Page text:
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TECHNICAL PAPERS: Fluids/Heat/Transport

A New Drift-Flux Model for Particle Transport and Deposition in Human Airways

[+] Author and Article Information
J. B. Wang

School of Mechanical and Aerospace Engineering, Nanyang Technological University, 50 Nanyang Avenue, Singapore 639798

Alvin C. Lai1

School of Mechanical and Aerospace Engineering, Nanyang Technological University, 50 Nanyang Avenue, Singapore 639798

1

To whom correspondence should be addressed; e-mail: mcklai@ntu.edu.sg

J Biomech Eng 128(1), 97-105 (Sep 13, 2005) (9 pages) doi:10.1115/1.2133763 History: Received May 19, 2005; Revised September 13, 2005

Particle deposition and transport in human airways is frequently modeled numerically by the Lagrangian approach. Current formulations of such models always require some ad hoc assumptions, and they are computationally expensive. A new drift-flux model is developed and incorporated into a commercial finite volume code. Because it is Eulerian in nature, the model is able to simulate particle deposition patterns, distribution and transport both spatially and temporally. Brownian diffusion, gravitational settling, and electrostatic force are three major particle deposition mechanisms in human airways. The model is validated against analytical results for three deposition mechanisms in a straight tube prior to applying the method to a single bifurcation G3-G4. Two laminar flows with Reynolds numbers 500 and 2000 are simulated. Particle concentration contour, deposition pattern, and enhancement factor are evaluated. To demonstrate how the diffusion and settling influence the deposition and transport along the bifurcation, particle sizes from 1nmto10μm are studied. Different deposition mechanisms can be combined into the mass conversation equation. Combined deposition efficiency for the three mechanisms simultaneously was evaluated and compared with two commonly used empirical expressions.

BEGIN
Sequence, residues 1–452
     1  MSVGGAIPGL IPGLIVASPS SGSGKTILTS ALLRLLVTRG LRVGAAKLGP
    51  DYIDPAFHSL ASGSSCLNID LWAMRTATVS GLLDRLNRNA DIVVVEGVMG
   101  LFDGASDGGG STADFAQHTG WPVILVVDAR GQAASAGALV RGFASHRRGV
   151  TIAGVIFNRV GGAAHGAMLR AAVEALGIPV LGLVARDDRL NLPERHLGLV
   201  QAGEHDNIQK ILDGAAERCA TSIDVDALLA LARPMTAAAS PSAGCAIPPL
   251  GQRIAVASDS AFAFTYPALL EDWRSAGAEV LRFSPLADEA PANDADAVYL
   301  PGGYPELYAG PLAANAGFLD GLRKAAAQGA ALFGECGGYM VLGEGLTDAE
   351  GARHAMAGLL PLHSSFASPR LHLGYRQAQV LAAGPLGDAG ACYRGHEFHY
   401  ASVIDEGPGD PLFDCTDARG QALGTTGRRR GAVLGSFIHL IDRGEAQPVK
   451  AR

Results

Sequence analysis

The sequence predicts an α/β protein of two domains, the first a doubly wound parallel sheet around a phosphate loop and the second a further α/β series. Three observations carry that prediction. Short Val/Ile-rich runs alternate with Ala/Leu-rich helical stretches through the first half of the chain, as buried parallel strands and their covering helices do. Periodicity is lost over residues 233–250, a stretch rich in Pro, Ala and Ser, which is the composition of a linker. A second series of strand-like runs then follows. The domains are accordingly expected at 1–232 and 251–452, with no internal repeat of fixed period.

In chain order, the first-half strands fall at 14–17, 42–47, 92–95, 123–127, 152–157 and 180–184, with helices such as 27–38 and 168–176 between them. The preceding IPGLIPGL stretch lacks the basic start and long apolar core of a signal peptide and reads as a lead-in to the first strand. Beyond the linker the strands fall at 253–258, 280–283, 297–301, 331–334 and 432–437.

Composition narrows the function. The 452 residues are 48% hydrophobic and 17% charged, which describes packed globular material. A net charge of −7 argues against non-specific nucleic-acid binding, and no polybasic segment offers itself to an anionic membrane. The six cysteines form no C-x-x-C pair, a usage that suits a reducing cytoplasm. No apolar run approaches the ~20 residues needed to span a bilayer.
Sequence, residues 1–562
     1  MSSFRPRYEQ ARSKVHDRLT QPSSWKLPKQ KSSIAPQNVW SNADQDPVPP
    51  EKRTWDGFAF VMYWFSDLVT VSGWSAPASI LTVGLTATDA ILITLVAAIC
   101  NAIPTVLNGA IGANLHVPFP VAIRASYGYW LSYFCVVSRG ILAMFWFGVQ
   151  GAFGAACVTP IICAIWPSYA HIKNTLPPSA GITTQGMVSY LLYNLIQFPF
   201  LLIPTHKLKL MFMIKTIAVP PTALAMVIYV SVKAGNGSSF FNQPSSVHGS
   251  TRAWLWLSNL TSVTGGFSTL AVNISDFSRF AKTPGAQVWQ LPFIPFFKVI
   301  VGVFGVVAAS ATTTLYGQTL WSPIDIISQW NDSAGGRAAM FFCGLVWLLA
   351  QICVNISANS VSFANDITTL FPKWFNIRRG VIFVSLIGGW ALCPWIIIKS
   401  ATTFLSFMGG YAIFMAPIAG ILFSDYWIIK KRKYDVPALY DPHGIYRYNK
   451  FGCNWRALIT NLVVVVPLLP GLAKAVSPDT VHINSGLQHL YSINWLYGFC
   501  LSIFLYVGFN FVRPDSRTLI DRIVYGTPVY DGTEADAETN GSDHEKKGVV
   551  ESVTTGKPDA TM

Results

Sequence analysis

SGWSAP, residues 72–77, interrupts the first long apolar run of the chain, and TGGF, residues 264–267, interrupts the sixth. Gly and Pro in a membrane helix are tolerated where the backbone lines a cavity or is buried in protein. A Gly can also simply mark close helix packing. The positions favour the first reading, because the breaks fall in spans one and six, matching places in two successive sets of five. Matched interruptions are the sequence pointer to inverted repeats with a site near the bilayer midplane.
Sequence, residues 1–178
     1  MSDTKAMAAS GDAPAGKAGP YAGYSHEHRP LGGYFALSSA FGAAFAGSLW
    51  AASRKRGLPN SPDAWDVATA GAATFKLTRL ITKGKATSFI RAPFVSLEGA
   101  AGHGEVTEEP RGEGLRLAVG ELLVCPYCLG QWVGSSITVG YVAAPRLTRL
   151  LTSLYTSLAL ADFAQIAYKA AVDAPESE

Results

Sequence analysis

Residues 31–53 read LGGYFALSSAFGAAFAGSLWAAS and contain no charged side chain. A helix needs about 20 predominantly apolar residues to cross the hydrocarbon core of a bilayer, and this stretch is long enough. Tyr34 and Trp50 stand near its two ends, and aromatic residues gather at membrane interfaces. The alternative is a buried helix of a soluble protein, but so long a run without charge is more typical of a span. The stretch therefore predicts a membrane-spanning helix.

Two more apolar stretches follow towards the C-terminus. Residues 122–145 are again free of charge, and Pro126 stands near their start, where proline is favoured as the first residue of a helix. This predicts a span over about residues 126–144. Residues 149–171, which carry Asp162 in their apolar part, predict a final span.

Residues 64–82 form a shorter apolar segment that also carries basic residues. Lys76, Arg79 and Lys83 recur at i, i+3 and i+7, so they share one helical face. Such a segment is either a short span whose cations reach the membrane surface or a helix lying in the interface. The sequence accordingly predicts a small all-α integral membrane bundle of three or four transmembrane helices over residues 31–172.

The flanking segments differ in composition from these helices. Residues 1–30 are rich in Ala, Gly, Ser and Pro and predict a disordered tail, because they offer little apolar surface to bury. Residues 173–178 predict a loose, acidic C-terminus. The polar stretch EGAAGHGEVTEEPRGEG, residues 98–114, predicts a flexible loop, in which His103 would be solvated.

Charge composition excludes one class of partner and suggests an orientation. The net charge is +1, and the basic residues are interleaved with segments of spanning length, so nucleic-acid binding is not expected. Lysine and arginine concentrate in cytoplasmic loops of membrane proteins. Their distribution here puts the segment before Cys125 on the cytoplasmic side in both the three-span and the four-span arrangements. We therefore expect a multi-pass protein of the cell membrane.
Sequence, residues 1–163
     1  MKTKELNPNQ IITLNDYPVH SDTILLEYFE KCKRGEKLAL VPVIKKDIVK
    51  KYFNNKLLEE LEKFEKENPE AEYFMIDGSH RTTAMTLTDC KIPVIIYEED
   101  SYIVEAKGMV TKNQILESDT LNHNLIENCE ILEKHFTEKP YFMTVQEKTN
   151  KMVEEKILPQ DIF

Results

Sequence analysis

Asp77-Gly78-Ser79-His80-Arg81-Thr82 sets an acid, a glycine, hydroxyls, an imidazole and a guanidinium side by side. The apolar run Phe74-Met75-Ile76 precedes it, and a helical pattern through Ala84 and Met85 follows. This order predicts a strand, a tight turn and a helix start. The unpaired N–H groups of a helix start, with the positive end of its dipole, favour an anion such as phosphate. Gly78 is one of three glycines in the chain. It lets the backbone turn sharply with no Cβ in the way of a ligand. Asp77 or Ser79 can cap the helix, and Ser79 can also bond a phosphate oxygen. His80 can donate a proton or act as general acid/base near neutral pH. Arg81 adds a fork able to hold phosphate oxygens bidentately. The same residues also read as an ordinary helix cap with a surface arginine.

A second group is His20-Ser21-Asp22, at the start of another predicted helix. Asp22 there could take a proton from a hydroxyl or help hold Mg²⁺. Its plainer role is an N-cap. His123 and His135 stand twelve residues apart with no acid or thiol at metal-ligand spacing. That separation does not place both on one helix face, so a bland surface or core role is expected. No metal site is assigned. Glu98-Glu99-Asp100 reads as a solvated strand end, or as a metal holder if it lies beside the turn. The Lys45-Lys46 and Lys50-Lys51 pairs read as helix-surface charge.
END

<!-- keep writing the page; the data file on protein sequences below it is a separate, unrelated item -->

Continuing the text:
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Copyright © 2006 by American Society of Mechanical Engineers
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Figure 3

Comparison of the axial velocity contours and secondary velocity vector with Comer (22). (a) Present simulation of velocity contour at plane Z=0; (b) Comer’s simulation results at C-C′ cross section; and (c) present simulation results at C-C′ cross section.

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Figure 4

Particle concentration contour at plane Z=0 and cross sections B-B′ and C-C′ for nanosize particles. (a) Re=500, dp=1nm; (b) Re=500, dp=100nm; (c) Re=2000, dp=1nm; and (d) Re=2000, dp=100nm.

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Figure 5

Particle concentration contour at plane Z=0 and cross sections B-B′ and C-C′ for micron-size particles. (a) Re=500, dp=3μm; (b) Re=500, dp=10μm; (c) Re=2000, dp=3μm; and (d) Re=2000, dp=10μm.

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Figure 6

Deposition enhancement factor (DEF) distribution along the bifurcation wall. (a) Re=500 and (b) Re=2000.

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Figure 7

Deposition efficiency ηd for the bifurcation G3-G4 for combined three different deposition mechanisms; Brownian diffusion, gravity settling, and electrostatic image force. Parabolic velocity profile and uniform particle concentration distribution is assumed at the inlet. (a) 1to100nm; (b) 100nmto1μm; and (c) 1to10μm.

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Figure 1

Particle deposition efficiency ηd for a straight tube with different inlet and simulation conditions as a function of particle sizes dp. (a) Uniform velocity and particle concentration distribution; (b) parabolic velocity and uniform particle concentration distribution; (c) gravitational settling; and (d) electrostatic image force.

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Figure 2

A single bifurcation with locations of cross section for velocity and particle concentration results

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Figure 8

Comparison of combined deposition efficiency ηd evaluated by the present simulation and by the two empirical expressions. Parabolic velocity profile and uniform particle concentration distribution is assumed at the inlet, Re=500. (a) 1to100nm; (b) 100nmto1μm; and (c) 1to10μm.

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